Must human beings submit to the harsh logic of machinery, or can technology be redesigned to better serve its creators? This is the question on which the future of industrial civilization depends. It is not primarily a technical question but concerns a fundamental issue in social philosophy: the neutrality of technology and the related theory of technological determinism. If technology is neutral, then its immense and often disturbing social and environmental impacts are accidental side effects of progress. Much current debate polarizes around the question of whether these side effects outweigh the benefits. The advocates of further progress claim 'reason' as their ally while the adversaries defend 'humanity' and 'nature' against machines and mechanistic social organizations. The stage is set for a struggle for and against technology.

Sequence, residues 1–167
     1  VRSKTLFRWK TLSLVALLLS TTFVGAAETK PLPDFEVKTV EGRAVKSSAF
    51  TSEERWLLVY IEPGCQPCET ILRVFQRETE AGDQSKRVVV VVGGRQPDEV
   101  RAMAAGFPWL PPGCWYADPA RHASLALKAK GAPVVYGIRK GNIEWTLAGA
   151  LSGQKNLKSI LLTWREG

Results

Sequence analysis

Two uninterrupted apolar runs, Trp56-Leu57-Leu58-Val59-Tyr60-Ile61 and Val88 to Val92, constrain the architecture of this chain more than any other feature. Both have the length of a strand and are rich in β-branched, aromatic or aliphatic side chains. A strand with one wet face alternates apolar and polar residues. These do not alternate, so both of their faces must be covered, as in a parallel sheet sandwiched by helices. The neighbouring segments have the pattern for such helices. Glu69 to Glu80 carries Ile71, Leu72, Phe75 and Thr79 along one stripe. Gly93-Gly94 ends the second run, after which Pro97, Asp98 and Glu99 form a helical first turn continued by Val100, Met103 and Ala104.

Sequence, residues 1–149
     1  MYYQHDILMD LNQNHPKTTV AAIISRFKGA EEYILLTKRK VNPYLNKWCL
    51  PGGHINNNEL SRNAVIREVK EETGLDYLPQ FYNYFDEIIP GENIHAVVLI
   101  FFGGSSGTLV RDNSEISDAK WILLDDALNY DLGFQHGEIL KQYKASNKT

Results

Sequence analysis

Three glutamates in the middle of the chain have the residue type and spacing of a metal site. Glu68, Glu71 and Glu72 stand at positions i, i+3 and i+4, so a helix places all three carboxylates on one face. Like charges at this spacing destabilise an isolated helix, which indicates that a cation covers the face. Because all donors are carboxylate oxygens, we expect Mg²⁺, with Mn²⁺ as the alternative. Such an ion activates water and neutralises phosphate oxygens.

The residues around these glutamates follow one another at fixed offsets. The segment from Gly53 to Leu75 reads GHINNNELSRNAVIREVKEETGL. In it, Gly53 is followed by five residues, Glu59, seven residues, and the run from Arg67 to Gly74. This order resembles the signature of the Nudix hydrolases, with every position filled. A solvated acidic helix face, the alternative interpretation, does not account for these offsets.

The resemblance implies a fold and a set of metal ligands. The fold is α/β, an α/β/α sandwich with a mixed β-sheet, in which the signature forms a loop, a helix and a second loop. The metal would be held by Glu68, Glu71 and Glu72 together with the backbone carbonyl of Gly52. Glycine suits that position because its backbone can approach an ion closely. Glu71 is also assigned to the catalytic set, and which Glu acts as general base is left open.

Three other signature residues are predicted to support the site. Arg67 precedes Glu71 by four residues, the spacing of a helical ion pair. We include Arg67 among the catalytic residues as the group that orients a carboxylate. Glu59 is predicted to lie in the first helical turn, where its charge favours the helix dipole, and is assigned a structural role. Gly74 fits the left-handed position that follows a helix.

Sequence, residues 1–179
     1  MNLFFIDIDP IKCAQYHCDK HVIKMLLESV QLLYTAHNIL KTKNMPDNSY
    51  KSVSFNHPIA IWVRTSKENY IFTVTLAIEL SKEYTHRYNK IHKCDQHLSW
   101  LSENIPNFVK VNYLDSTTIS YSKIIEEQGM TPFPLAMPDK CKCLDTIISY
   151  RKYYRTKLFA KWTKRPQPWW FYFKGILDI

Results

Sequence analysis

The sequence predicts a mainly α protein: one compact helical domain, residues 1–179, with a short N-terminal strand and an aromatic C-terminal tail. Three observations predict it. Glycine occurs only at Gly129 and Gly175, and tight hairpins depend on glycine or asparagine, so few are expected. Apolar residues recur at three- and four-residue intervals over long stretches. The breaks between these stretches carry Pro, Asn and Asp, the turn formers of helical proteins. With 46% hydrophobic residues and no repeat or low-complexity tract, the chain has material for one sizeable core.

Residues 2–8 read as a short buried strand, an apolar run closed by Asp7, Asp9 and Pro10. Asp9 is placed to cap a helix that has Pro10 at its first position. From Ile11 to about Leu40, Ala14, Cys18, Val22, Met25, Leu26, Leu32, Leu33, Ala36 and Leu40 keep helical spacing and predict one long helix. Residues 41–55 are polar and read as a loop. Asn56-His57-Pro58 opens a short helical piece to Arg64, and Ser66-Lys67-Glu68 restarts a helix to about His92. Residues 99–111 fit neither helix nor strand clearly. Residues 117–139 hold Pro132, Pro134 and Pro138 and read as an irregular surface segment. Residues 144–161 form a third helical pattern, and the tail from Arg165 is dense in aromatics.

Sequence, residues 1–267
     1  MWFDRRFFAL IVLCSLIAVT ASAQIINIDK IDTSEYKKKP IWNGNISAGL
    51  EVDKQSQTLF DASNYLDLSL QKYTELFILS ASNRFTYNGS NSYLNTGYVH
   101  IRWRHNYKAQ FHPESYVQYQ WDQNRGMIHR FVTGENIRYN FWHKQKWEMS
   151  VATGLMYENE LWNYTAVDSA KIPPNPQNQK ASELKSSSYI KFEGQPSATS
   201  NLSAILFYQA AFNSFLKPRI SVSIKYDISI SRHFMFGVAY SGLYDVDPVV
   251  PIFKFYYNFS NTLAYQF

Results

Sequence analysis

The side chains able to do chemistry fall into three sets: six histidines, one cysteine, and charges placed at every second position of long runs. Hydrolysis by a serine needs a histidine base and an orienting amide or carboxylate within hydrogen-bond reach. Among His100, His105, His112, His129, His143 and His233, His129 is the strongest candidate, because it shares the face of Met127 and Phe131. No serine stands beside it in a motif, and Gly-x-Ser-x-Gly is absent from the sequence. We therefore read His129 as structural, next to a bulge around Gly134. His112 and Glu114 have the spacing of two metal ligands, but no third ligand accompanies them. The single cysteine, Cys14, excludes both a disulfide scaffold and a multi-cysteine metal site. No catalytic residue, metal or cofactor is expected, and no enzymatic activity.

From Andrew Feenberg's Critical Theory of Technology (Oxford University Press, 1991). (Thanks to Sharyn Ladner for the tip). Here is an excerpt from the Preface:
The Critical Theory of Technology rejects this alternative and argues that the real issue is not technology or progress per se but the variety of possible technologies and paths of progress among which we must choose. Modern technology is no more neutral than medieval cathedrals or the Great Wall of China; it embodies the values of a particular industrial civilization, especially those of elites that rest their claims to hegemony on technical mastery. We must articulate and judge these values in a cultural critique of technology. By so doing, we can begin to grasp the outlines of another possible industrial civilization based on other values.